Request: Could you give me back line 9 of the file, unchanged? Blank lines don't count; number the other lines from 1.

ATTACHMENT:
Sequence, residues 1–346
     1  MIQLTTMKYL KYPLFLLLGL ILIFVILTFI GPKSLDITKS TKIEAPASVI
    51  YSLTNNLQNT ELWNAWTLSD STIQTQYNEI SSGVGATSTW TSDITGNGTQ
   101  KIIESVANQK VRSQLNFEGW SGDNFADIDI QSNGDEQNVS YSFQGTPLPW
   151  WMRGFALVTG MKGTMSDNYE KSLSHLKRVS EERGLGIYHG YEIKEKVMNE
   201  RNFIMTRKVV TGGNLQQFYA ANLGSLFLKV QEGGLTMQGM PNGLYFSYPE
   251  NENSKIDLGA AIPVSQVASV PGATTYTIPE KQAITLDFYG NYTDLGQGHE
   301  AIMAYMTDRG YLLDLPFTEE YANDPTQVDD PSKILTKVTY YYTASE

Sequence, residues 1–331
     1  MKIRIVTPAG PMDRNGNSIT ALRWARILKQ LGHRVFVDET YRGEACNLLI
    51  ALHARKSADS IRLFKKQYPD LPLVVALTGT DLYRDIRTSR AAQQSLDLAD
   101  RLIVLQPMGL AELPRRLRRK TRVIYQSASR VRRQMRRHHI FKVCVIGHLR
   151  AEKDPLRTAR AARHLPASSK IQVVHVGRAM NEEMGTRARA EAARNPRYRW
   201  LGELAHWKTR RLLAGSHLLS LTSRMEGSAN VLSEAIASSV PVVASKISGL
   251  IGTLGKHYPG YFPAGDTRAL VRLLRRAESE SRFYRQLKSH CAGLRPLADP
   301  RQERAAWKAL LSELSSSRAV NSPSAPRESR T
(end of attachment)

Sequence, residues 1–331